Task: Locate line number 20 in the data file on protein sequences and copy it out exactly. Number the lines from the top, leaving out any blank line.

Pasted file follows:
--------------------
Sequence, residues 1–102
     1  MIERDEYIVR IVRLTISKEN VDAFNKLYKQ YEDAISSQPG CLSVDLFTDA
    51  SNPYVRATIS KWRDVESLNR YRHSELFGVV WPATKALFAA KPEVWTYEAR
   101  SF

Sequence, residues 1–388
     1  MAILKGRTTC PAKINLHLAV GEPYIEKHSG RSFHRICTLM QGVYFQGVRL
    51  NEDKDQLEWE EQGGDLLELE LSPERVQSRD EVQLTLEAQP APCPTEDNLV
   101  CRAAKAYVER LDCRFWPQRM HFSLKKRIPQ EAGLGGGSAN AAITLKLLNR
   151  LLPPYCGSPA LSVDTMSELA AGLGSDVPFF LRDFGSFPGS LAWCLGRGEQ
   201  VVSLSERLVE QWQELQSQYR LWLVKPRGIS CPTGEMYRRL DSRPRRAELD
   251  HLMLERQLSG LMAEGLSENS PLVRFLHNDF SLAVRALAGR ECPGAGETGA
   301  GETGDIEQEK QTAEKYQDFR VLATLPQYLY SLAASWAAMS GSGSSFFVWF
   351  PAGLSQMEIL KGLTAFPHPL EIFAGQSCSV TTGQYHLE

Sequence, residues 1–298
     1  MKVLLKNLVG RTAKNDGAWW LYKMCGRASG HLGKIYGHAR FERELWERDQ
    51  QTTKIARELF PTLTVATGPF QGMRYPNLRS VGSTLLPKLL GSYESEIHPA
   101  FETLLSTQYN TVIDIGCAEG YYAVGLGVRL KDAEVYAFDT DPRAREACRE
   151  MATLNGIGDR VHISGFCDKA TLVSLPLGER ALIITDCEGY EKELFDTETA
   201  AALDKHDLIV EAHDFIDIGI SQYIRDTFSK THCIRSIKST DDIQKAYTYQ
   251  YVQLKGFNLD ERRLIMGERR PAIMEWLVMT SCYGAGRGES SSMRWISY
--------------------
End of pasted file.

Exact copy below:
   251  YVQLKGFNLD ERRLIMGERR PAIMEWLVMT SCYGAGRGES SSMRWISY